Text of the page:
The simple answer for why seller's offer title insurance instead of obtaining an RPR is that it is cheaper and faster. The cost of title insurance does depend on the value of the property (and mortgage), but is usually only a few hundred dollars. It is a rather straightforward application process and your lawyer can usually receive the insurance policy within days of applying. RPRs, however, can cost thousands of dollars and can take weeks to complete, depending on how busy local surveyors are. In addition, the RPR needs to be submitted to the municipality to be reviewed for municipal compliance which can also take time. With closing timelines often less than a month, most buyers and sellers would rather not wait for an RPR.
Another reason many sellers prefer to provide title insurance, rather than obtaining an RPR, is that when they purchased the property, they also were provided title insurance in lieu of an RPR. The sellers may not know if the property is in compliance so would rather not risk finding out there is a problem right before trying to sell the property.
From a buyer's perspective, it is also important to note that most mortgage lenders will require a recent RPR before they will release mortgage funds. The definition of "recent" will depend on the individual lender, but most prefer the RPR is less than a year old. The contract does not state that the seller needs to provide a recent RPR. Most lenders will accept a lender's policy of title insurance in lieu of a recent RPR. Even if the seller is providing you with an RPR, you may still require title insurance. Some lenders will even insist on title insurance, even if there is a recent RPR.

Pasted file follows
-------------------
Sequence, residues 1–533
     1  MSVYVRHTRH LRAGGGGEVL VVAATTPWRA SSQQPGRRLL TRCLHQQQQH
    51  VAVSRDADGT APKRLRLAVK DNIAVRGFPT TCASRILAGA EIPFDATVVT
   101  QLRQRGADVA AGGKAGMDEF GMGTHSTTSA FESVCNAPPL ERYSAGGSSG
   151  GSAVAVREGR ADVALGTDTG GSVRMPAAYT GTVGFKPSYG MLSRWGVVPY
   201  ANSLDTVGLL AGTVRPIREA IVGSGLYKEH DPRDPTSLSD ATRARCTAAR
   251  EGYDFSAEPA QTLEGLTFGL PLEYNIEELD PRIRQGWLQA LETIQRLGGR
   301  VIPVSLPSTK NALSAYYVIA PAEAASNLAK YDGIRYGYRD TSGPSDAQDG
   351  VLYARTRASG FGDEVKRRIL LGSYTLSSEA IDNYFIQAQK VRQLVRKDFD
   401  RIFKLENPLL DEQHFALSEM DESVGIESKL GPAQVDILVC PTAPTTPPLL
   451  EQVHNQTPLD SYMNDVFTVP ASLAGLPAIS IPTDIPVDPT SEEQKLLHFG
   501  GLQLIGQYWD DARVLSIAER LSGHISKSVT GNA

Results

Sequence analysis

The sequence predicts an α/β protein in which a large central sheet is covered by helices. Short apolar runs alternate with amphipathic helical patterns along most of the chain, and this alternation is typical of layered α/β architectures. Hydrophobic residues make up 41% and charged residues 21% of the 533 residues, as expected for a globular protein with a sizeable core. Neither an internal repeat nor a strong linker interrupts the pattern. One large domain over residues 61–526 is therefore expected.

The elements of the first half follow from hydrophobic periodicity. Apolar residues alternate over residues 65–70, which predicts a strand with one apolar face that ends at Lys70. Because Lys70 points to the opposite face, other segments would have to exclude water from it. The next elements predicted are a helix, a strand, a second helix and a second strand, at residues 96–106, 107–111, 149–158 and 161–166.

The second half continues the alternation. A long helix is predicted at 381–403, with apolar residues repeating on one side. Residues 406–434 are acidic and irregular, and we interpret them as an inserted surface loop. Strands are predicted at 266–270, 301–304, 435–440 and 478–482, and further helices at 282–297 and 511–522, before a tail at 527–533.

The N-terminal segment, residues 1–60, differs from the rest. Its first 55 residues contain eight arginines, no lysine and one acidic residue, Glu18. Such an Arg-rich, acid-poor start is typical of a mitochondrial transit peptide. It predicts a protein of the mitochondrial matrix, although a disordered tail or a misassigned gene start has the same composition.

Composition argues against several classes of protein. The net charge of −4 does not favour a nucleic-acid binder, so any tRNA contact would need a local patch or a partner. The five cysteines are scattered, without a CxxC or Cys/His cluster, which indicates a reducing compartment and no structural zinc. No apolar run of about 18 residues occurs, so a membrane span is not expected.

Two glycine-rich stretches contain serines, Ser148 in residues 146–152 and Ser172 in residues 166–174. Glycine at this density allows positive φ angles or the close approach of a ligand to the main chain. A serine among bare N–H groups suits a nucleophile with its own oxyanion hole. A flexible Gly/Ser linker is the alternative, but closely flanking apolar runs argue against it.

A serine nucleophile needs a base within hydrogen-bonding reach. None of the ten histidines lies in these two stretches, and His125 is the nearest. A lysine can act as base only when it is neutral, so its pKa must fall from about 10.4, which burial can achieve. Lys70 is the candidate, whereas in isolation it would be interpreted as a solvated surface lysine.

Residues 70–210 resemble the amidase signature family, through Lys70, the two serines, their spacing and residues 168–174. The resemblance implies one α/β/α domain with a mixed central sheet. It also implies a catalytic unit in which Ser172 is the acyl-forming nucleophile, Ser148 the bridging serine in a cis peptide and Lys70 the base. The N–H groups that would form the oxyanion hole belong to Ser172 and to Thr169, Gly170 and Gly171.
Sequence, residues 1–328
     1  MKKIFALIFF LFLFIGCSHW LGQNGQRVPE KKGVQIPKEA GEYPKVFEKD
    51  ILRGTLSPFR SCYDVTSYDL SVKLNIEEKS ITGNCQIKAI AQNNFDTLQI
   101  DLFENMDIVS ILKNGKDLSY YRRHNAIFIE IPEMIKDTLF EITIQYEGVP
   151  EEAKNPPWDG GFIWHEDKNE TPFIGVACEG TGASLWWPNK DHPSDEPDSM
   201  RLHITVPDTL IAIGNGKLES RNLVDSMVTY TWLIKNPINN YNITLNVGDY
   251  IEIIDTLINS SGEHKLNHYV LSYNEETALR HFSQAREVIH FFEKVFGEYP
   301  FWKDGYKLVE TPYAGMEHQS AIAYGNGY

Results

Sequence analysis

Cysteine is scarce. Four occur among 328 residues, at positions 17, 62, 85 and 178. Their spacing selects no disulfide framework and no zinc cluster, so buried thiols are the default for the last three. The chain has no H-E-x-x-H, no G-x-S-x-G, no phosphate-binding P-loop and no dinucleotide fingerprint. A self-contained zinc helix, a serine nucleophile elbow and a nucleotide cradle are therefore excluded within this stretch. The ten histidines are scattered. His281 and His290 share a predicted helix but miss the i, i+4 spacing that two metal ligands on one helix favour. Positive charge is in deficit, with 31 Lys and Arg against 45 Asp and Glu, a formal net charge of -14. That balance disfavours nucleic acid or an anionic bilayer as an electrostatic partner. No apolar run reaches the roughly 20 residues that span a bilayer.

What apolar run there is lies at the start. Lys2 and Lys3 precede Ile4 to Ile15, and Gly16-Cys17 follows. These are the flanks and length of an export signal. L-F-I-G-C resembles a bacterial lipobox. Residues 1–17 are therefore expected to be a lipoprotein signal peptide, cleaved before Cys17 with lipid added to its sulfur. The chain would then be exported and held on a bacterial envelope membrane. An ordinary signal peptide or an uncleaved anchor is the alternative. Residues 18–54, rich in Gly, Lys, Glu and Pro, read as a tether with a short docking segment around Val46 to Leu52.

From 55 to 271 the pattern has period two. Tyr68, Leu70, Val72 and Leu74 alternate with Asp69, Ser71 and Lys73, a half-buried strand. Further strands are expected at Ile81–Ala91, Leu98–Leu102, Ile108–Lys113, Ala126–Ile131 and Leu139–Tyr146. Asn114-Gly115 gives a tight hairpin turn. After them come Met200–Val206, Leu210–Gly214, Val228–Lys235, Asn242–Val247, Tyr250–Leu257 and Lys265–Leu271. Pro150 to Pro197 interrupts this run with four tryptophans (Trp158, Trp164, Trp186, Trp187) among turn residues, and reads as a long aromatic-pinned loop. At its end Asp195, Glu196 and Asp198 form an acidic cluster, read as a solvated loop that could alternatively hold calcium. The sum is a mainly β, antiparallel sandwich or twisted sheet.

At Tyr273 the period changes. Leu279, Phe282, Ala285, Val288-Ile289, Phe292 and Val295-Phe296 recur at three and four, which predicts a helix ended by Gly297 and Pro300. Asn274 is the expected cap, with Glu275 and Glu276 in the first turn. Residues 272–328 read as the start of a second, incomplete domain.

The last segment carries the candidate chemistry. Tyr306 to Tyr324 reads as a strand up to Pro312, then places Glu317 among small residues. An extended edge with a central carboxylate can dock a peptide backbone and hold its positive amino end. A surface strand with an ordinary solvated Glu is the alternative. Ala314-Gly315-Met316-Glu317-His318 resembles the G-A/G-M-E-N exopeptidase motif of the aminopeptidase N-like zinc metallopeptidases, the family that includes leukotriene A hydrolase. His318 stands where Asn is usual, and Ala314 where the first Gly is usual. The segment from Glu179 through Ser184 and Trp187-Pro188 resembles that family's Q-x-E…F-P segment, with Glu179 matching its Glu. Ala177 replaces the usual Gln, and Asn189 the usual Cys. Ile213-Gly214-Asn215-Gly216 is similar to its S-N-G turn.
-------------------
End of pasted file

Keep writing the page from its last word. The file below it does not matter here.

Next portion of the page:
Do I have to accept Title Insurance from the seller?
The easy answer is no, you do not have to accept title insurance from the seller in lieu of an RPR and municipal compliance. The Residential Purchase Contract is a legal contract. You cannot be forced to accept any terms, or the deletion of terms, that you do not want to.
However, the seller also cannot be forced to sign a contract requiring them to provide an RPR. If you do not want to accept title insurance in lieu of an RPR, or any other term the seller may insert or delete from the contact, the seller does not have to sell the property to you and may decide to try to find another buyer.
Where can I find more information about title insurance?
For more information about title insurance, talk to your lawyer. You can also find more information on the following sources:
Real Estate Council of Alberta: https://www.reca.ca/industry/legislation/information-bulletins/title-insurance.htm
Insurance Bureau of Canada: http://www.ibc.ca/bc/home/home-buying-tips/title-insurance
First Canadian Title: https://fct.ca/property-owners/
Chicago Title Insurance Company: https://www.chicagotitle.ca/residential/property-owner-buyer
The within blog is for informational purposes only and not for the purpose of providing legal advice. You should contact your lawyer to obtain advice with respect to any particular issue or problem. Use of and access to this blog or any of the links contained within it do not create an attorney-client relationship between Corinna Stevens and the user or browser. The opinions expressed at or through this blog are the opinions of the individual author and may not reflect the opinions of the firm or the profession. Any links provided within the blog are for informational purposes only and not for the purpose of providing legal direction or advice. The author does not guarantee the accuracy of any information contained in the within links.